For release: Tuesday, June 14, 2022
Recent Statewide Ranger Actions
New York State Department of Environmental Conservation (DEC) rangers respond to search and rescue incidents throughout the state. Working with other state agencies, local emergency response organizations, and volunteer search and rescue groups, Forest Rangers locate and retrieve lost, injured, or distressed people across the state of New York.
In 2021, DEC rangers conducted 426 search and rescue missions, extinguished wildfires, participated in prescribed fires that served to rejuvenate hundreds of acres of land, and worked on cases that resulted in thousands of tickets or arrests.
“Over the past decade, as well as during the COVID-19 pandemic, DEC has seen an increase in the number of people visiting state lands to experience New York City’s many outdoor recreation opportunities,” said DEC Commissioner Basil Seggos. “DEC rangers continue to be on the front lines of helping visitors get out responsibly and return home safely, as well as protecting our state’s irreplaceable natural resources. first aid, land navigation and rescue skills are essential to the success of their missions, which for more than a century have taken them from remote wilderness areas with rugged mountain peaks, to whitewater rivers and through our vast statewide forests.”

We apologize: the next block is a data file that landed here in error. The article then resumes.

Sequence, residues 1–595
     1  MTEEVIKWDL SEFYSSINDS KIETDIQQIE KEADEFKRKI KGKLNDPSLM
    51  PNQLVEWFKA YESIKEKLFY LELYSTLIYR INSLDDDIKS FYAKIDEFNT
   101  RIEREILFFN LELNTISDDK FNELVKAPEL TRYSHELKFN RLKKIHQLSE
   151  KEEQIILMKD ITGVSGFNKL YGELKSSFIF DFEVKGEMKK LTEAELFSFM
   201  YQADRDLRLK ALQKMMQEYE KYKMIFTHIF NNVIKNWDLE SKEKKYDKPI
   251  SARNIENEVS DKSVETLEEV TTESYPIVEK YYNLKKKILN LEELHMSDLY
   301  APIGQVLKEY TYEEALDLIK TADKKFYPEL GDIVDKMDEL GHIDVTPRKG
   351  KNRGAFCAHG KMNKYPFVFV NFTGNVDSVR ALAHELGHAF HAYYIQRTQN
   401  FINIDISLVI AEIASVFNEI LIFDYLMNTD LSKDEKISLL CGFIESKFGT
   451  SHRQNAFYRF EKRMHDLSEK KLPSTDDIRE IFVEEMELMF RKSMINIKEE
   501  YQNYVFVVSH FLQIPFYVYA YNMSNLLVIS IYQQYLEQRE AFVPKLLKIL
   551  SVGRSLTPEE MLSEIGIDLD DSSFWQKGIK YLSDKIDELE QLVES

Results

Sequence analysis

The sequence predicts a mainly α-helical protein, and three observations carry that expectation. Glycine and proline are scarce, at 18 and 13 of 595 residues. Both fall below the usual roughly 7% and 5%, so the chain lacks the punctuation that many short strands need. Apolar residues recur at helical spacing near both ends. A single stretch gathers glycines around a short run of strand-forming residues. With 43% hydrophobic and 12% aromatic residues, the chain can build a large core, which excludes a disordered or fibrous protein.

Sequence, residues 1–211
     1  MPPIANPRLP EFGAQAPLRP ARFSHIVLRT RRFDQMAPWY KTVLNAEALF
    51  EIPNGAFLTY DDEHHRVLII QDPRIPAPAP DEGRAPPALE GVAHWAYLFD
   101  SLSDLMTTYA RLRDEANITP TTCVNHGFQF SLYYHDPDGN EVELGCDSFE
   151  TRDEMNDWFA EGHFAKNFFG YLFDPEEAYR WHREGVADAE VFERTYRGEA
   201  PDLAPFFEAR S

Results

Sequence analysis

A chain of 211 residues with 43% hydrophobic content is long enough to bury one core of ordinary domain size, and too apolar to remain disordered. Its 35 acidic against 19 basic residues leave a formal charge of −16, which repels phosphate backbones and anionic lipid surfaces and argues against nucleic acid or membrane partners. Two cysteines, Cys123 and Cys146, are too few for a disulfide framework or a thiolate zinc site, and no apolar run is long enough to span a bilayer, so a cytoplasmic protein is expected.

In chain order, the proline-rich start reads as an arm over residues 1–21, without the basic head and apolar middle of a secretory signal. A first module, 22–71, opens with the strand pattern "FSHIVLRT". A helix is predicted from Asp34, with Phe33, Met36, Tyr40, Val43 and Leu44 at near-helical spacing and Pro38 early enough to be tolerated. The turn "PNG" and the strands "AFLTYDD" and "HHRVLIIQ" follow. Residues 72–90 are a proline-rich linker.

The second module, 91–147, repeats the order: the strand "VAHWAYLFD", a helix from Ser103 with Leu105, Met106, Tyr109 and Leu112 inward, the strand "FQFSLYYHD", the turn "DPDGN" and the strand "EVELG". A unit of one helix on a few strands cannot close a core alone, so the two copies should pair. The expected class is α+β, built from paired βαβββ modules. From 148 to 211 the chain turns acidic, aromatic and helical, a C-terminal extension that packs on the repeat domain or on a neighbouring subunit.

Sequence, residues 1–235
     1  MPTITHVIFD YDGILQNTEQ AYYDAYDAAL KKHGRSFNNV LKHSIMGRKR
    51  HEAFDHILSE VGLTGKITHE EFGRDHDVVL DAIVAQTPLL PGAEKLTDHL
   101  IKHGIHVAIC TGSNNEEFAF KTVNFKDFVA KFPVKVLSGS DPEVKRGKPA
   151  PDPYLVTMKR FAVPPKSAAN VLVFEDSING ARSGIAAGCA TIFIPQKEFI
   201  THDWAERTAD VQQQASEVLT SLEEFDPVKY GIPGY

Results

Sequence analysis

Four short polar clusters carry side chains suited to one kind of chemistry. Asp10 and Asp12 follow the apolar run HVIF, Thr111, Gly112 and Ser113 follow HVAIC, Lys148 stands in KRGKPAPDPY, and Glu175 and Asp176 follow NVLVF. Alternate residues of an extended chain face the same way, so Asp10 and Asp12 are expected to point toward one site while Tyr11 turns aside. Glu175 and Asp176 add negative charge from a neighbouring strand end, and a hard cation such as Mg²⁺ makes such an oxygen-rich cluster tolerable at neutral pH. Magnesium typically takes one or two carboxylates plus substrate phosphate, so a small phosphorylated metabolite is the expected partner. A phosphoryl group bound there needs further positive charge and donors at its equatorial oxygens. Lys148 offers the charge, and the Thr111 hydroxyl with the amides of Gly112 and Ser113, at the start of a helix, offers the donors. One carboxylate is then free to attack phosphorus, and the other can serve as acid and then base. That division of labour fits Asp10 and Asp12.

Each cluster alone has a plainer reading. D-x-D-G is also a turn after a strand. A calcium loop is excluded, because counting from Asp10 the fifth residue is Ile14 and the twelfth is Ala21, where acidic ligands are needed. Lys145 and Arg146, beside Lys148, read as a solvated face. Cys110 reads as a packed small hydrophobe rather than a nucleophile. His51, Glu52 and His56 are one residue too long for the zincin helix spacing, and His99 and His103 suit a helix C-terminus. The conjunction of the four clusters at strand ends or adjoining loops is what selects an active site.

City of Wallkill
Wilderness research: On June 6, rangers were called in to assist in the search for a 26-year-old whose family were concerned for his welfare after the subject left a rehabilitation center near Crystal Run Road in Middletown . Rangers Cowart, Jahn and Parlier searched the area. Shortly after, Rangers found the subject in the woods, unharmed. The Rangers pulled him out of the woods and turned the matter over to Walkill Police.
City of Wilmington
End of guard tour: On June 9, hundreds paid their respects at a memorial for Ranger Captain Christopher Kostoss. Captain Kostoss committed suicide on May 31. He served as a Ranger for 23 years and participated in countless search and rescue missions. Commissioner Basil Seggos described him as “a tireless advocate for mental health awareness, especially among his fellow Rangers. His death is a painful reminder of the critical need to promote wellness and de-stigmatize health issues. that prevent individuals from seeking treatment”. Kostoss was 49 years old.
Captain Ranger Kostoss Memorial
Captain Ranger Kostoss Memorial
Wilderness rescue: At 5:40 p.m. June 9, Rangers Fox and Gullen responded to a report of a 65-year-old hiker from Oneonta with an unstable leg injury on the Poet’s Ledge Trail in the Kaaterskill Wilderness. Rangers located the subject about two miles down the trail and stabbed him in the right knee. Using crutches, the Rangers helped the hiker down the trail until they were met by Rangers Allwine and Dawson with a litter to carry the hiker to their UTV. The group reached the trailhead at 11:53 p.m. and the hiker refused to seek treatment.
Hiker rescued in Kaaterskill Wilderness
Town of Hunter, Villages of Honeoye Falls and Sherburne
Chenango, Greene and Monroe Counties